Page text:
Hemodialysis patients (HD) patients have a higher risk of acute myocardial infarction (AMI) than peritoneal dialysis (PD) patients, a new study finds.
Among 86,215 patients initiating maintenance dialysis during 1998 to 2010 in Taiwan’s National Health Insurance Research Database, investigators identified 5513 pairs of HD and PD patients matched by age, sex, year of dialysis initiation, and 20 relevant comorbidities such as diabetes, hypertension, heart failure, and coronary artery disease. Patients with a prior AMI, switch in dialysis modality, kidney transplant, or malignancy were excluded.
AMI incidence was significantly higher among HD than PD patients: 9.71 vs 8.35 per 1000 patient-years, respectively, Yu-Tzu Chang, MD, of National Cheng Kung University Hospital in Taiwan, and colleagues reported in Atherosclerosis. HD patients had a 30% greater risk for AMI. Furthermore, the cumulative incidence rate for AMI increased significantly and substantially after 4 years from the start of dialysis: 0.09 vs 0.05, respectively. Analyses of the entire unmatched cohort and important subgroups showed similar trends.
These results differ from some previous research finding no differences between HD and PD patients. But these studies often examined a composite cardiovascular end point or excluded heart failure patients, the investigators discussed.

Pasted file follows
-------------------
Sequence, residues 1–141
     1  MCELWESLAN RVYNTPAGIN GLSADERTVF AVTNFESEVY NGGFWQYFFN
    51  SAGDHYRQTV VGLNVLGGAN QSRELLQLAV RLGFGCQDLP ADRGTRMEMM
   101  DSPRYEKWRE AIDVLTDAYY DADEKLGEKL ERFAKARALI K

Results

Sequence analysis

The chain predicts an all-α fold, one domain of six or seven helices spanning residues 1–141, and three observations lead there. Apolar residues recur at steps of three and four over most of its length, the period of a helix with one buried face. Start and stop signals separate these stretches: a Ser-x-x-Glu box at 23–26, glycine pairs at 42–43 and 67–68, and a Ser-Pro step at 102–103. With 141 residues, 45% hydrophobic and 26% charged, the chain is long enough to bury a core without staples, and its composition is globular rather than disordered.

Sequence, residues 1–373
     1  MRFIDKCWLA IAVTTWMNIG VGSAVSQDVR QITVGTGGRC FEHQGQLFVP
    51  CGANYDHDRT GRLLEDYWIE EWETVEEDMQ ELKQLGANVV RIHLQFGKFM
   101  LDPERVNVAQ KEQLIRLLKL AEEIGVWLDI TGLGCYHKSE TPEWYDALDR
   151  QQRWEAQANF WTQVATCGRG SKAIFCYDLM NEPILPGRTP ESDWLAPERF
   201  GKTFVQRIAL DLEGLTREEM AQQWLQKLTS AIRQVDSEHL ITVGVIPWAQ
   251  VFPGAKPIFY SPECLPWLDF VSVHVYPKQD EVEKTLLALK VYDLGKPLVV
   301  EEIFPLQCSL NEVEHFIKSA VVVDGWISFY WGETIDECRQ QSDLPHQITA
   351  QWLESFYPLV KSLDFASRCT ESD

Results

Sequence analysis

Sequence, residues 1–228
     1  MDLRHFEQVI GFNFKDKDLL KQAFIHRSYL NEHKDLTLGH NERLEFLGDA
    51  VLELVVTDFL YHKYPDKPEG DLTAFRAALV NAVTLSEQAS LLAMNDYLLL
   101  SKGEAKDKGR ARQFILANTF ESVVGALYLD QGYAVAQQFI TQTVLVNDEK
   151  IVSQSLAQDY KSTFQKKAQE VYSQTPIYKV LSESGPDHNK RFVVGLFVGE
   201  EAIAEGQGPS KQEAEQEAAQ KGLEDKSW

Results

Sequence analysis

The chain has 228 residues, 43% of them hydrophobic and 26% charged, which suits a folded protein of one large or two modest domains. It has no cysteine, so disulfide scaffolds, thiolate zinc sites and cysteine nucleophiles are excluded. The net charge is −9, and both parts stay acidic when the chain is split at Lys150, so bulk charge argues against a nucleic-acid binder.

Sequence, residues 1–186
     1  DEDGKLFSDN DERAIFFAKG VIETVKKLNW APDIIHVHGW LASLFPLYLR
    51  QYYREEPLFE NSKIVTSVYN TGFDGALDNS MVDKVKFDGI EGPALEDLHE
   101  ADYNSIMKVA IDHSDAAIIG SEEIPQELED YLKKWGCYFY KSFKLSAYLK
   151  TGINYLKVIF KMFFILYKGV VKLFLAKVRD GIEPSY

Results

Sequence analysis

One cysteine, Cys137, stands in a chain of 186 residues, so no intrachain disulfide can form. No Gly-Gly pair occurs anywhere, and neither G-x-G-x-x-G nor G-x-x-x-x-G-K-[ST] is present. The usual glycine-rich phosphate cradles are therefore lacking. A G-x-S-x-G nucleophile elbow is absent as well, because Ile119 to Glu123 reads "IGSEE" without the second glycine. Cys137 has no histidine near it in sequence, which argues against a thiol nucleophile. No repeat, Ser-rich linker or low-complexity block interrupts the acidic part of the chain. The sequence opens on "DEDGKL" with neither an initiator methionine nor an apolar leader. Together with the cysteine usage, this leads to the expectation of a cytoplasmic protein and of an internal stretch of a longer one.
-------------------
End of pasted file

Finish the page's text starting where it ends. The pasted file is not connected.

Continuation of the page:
According to Dr Chang’s team, “chronic myocardial ischemia induced by serial changes in hemodynamic status and microvascular changes during hemodialysis might ultimately increase the risk of cardiovascular events, including AMI.”
“Preventive and surveillance programs for AMI should be customized specifically for dialysis populations with different dialysis modalities, vintage, and concomitant risk factors for AMI,” they recommended.
Sun C-Y, Li C-Y, Sung J-M, Cheng Y-Y, et al. A comparison of the risk of acute myocardial infarction in patients receiving hemodialysis and peritoneal dialysis: A population-based, propensity score-matched cohort study. Atheroscl. doi: 10.1016/j.atherosclerosis.2020.05.010
This article originally appeared on Renal and Urology News